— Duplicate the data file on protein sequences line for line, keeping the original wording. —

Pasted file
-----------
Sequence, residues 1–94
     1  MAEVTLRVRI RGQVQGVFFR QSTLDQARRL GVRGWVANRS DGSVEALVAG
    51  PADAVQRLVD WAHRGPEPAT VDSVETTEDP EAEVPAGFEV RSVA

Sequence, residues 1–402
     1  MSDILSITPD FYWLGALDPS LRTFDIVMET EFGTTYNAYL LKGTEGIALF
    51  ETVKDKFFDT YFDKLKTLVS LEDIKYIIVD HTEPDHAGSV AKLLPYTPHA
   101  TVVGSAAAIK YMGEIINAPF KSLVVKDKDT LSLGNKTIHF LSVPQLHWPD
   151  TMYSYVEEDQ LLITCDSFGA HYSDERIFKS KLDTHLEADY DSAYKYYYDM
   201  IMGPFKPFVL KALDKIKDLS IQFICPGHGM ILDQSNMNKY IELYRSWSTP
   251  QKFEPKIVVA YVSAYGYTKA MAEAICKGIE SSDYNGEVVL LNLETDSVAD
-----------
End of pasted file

Sequence, residues 1–94
     1  MAEVTLRVRI RGQVQGVFFR QSTLDQARRL GVRGWVANRS DGSVEALVAG
    51  PADAVQRLVD WAHRGPEPAT VDSVETTEDP EAEVPAGFEV RSVA

Sequence, residues 1–402
     1  MSDILSITPD FYWLGALDPS LRTFDIVMET EFGTTYNAYL LKGTEGIALF
    51  ETVKDKFFDT YFDKLKTLVS LEDIKYIIVD HTEPDHAGSV AKLLPYTPHA
   101  TVVGSAAAIK YMGEIINAPF KSLVVKDKDT LSLGNKTIHF LSVPQLHWPD
   151  TMYSYVEEDQ LLITCDSFGA HYSDERIFKS KLDTHLEADY DSAYKYYYDM
   201  IMGPFKPFVL KALDKIKDLS IQFICPGHGM ILDQSNMNKY IELYRSWSTP
   251  QKFEPKIVVA YVSAYGYTKA MAEAICKGIE SSDYNGEVVL LNLETDSVAD